Tuesday, October 9, 2012

SEC gives fresh boost to Bourse

The Securities and Exchange Commission (SEC) yesterday gave a fresh boost to the Colombo stock market and its stakeholders agreeing to three key recommendations submitted by the broking community.

The Commissioners at their 306th meeting yesterday decided to make extension of credit by brokers to their clients easier as well as for a freer flow of trading activities lift some of the temporary restrictions placed earlier.

 Prior to yesterday’s Commissioners’ meeting, the SEC also had discussions with the Colombo Stock Exchange Chairman and CEO last week.

 As per the statement issued by the SEC the key decision made to be effective from today was to amend the Net Capital computation in order to relax the credit granted by stock broking companies to their clients. In that the stock brokers are now permitted to extend credit to their clients three times the adjusted net capital. The latter is computed on the basis of net capital minus 50% of the fixed assets without having to deduct outstanding debtors from the net capital.However stock brokers are required to compute the net capital adjusting all unsettled purchase transactions (over T+3) to reflect the excess of cost over market value.

 The previous formula triggered regular forced-selling thereby impacting the market.

 As a standard stance SEC said stock brokers are required to ensure strict compliance with all rules and regulations applicable to extension of credit as previously announced.

 The Commissioners also decided to lift the upper limit of 20% imposed on the price of transactions carried out on the crossings board of the CSE and to re-establish the status quo that prevailed previously in the Automated Trading Rules.

 The other decision was to lift restrictions imposed on executive directors, employees, their spouses and nominees of stock brokers and dealers from selling listed shares purchased from the secondary market for a period of six months from the date of purchase.

 These two restrictions were imposed as interim measures soon after the unprecedented fiasco involving the NSB-The Finance transaction. 

 Brokers and analysts welcomed the improved formulae for net capital computation and lifting of temporary restrictions. The latter was in the context of market having settled down and overall risk management and surveillance measures having taken root.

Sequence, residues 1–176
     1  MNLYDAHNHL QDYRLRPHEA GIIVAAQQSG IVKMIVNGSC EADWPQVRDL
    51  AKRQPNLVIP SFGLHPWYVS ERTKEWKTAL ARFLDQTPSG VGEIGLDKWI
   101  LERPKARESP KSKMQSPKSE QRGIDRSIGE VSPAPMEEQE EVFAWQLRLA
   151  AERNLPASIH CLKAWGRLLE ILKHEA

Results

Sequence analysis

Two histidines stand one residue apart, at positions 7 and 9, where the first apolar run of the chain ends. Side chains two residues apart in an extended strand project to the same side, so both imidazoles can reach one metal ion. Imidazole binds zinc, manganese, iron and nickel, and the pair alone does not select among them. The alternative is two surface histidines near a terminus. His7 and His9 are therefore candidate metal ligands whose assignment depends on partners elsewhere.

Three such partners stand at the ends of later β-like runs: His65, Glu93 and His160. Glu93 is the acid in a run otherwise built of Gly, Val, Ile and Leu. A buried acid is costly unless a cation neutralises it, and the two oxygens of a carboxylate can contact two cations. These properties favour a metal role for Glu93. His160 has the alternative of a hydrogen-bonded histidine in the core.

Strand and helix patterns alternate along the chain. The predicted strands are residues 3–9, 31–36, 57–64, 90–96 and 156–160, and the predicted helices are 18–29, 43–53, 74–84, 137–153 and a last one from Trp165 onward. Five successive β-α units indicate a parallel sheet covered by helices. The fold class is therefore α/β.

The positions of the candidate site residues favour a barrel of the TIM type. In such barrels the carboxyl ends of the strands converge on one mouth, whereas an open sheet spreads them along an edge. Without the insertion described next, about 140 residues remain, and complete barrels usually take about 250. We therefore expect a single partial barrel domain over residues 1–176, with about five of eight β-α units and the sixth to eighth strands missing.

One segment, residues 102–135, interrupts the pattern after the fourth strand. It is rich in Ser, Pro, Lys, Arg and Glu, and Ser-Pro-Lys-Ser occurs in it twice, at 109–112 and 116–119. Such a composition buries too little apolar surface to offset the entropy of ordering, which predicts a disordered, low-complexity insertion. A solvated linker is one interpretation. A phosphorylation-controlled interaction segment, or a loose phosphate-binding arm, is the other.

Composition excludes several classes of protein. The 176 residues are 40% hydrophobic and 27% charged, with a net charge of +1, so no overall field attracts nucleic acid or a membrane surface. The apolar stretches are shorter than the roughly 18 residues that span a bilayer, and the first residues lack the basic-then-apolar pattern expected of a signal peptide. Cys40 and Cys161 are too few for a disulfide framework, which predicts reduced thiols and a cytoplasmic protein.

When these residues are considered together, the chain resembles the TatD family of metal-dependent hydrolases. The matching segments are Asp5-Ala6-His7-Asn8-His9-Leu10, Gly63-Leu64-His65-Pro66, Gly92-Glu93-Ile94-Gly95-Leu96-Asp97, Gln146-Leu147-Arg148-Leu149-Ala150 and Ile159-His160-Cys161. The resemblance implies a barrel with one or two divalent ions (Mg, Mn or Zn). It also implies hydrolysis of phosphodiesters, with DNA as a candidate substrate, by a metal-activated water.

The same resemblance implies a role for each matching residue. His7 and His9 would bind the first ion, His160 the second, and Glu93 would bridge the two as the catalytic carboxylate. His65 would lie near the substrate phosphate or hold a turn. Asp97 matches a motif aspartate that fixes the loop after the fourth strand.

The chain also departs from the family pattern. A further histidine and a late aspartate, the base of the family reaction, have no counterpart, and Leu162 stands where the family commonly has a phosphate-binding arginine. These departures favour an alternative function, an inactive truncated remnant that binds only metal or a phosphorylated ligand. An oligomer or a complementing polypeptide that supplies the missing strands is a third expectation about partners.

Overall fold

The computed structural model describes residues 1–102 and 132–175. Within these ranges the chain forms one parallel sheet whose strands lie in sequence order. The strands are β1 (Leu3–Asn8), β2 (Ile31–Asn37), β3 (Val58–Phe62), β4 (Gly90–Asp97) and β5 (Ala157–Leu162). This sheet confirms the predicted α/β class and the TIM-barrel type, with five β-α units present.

Whilst the Colombo Stock Brokers Association (CSBA) has been repeatedly urging for more pragmatic rules on credit to clients, around four other brokers, who are more focused on institutional clients, have opposed to relaxation of credit rules. They have also been comfortable with prevailing regulatory framework. Nevertheless, the CSBA’s membership who deal heavily with retail clients, have been insistent that relaxed credit rules were critical for a more vibrant and inclusive capital market.

 The positive outcome at yesterday’s meeting was expected, as exclusively reported by the Daily FT yesterday.

 The forerunner for SEC’s decisions yesterday was 10 recommendations made by CSBA following their meeting with capital market regulator in mid-last month. Other proposals included ways to deal with settlement failures if any; use of CRIB data to assess credit worthiness of clients; assistance to improve front-end and back-office infrastructure of brokers; expedite demutulisation process of the CSE; a formal consultative mechanism; and a task force to prepare a capital market development roadmap.

 Some of these recommendations don’t come under the purview of the SEC but it will facilitate to its best ability whilst a few others are under consideration and review.

 Meanwhile stock market edged down on Monday to their lowest in nearly three weeks in thin volume as investors booked profits in banking and beverage shares ahead of their September quarter results. The rupee gained as banks sold dollars.

 The Colombo Stock Exchange’s main index ended 0.55 per cent, or 32.52 points, weaker at 5,847.17, its lowest level since 19 September.

 Turnover was Rs. 434.9 million ($ 4.27 million), well below half of this year’s daily average of Rs. 960 million.

 The Bourse saw a net foreign outflow of Rs. 138.3 million. However, foreigners have been net buyers to the tune of Rs. 32.39 billion this year.

 The rupee closed slightly firmer at 128.25/35 to the dollar compared with Friday’s close of 128.40/50 as banks sold the US unit, dealers said.

source - www.ft.lk

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